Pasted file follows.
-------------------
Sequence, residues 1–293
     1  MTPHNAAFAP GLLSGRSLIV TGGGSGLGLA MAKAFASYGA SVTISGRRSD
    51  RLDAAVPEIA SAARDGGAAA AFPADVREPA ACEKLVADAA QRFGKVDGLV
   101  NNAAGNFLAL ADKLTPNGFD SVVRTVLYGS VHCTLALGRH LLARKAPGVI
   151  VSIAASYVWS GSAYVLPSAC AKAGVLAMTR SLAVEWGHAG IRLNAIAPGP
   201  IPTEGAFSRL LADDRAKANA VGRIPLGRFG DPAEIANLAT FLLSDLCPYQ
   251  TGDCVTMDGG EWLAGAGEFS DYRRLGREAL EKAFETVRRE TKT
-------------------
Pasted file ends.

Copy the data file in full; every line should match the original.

Sequence, residues 1–293
     1  MTPHNAAFAP GLLSGRSLIV TGGGSGLGLA MAKAFASYGA SVTISGRRSD
    51  RLDAAVPEIA SAARDGGAAA AFPADVREPA ACEKLVADAA QRFGKVDGLV
   101  NNAAGNFLAL ADKLTPNGFD SVVRTVLYGS VHCTLALGRH LLARKAPGVI
   151  VSIAASYVWS GSAYVLPSAC AKAGVLAMTR SLAVEWGHAG IRLNAIAPGP
   201  IPTEGAFSRL LADDRAKANA VGRIPLGRFG DPAEIANLAT FLLSDLCPYQ
   251  TGDCVTMDGG EWLAGAGEFS DYRRLGREAL EKAFETVRRE TKT